|This article is part of UnNews||Straight talk, from straight faces|
13 August 2008
Team Canada has already achieved its Olympic goal of zero medals in Beijing this summer, and is looking to maintain that record throughout the remainder of the games. In a news conference last night, Team Canada coaches stated, "We’re not actually trying. We’re saving all of our collective talent for the Vancouver 2010 games when it won't be so ridiculously hot outside."
Keith Beavers, a non-medal hopeful, impressed Canadians by missing the final in the men’s 200 metre backstroke, a feat that coaches were concerned he might pull off. “We were looking for a seventh or eighth place finish for Keith, but he has exceeded our expectations and kept our non-medal hopes alive,” was the reaction at the media address.
Beavers also stated in a later interview, "I could beat Michael Phelps if I wanted to, but I would rather beat him on the bobsled track." Phelps declined to comment.
Some athletes, however, denied that zero was the goal. "It's not a goal per se," said Mike Brown, who missed a medal in the 200 metre breaststroke by 9/100ths of a second. "It's a protest. We think the games are too competitive, so we've decided to boycott medals. In fact, I was about to get the gold in the 200m, but decided to hold back in a show of solidarity with others who believe the Olympic Games have been reduced to nothing more than a big competition."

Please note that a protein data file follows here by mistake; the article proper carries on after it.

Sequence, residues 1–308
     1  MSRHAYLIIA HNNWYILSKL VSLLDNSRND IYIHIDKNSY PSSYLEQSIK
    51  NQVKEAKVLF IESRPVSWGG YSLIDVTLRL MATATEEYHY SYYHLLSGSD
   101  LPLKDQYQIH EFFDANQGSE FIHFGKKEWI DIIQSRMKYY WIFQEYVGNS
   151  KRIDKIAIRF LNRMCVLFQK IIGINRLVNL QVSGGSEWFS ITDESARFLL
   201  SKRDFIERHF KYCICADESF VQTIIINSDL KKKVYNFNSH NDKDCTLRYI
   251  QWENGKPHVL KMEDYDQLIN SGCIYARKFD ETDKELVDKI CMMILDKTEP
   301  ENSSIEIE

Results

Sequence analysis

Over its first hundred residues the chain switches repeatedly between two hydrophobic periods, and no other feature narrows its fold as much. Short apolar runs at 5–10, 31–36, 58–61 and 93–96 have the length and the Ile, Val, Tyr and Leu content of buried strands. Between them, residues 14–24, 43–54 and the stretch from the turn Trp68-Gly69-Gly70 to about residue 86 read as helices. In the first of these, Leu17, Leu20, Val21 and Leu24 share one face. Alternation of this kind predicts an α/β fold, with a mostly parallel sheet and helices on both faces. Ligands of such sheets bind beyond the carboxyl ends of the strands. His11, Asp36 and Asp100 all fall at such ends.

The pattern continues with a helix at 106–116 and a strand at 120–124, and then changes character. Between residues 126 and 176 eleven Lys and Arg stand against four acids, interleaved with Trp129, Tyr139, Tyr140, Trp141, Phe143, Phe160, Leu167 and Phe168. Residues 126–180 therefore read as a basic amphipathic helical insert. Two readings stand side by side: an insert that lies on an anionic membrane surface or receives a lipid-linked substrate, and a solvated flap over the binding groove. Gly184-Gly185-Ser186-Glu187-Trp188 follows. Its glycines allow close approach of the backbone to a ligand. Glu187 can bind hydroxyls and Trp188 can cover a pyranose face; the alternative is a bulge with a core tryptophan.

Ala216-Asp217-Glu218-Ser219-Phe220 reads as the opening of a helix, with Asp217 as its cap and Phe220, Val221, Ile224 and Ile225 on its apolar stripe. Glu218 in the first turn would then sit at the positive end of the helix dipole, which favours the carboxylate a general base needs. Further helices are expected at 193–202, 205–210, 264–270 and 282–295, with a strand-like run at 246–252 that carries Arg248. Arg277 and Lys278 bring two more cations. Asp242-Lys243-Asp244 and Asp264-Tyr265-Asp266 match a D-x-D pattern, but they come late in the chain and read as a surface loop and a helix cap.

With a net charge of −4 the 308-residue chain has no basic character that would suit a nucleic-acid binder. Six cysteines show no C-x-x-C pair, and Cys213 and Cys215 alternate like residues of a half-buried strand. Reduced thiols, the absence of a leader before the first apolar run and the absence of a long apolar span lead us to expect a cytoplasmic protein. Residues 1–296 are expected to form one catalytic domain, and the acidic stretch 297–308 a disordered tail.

"Even if I won a medal, I wouldn't accept it," said Bellie Flopp, a diver who came 41st out of 42 in qualifying, "That's how strong my beliefs are." Flopp, who plans to compete in London in 2012, said her protest was only limited to the Beijing Games. "I'll have made my point. Should I be a medal contender four years from now, I'll be a good sport about it and accept a medal." She also plans to marry in the meantime so that she can change her name.
As of the end of competition on day six Thursday, 33 nations had medals, including such powerhouses as Togo, Armenia, and Tajikstan. However, Canada is only 22 gold medals, and 35 total medals behind China, a nation with 1.3 billion more potential athletes. "When you consider the competition," one coach commented, "we're really doing rather well." One Canadian official, who only spoke under condition of strict anonymity, put it all in perspective. "Our main goal is to improve between now and the 2010 Winter Games. By achieving zero medals so far, we unquestionably have taken the first step toward that goal."
- Freestyle Beaver "[ Team Canada on Track to Acheive Olympic Goal of 0 Medals]". Wikinews, August 13, 2008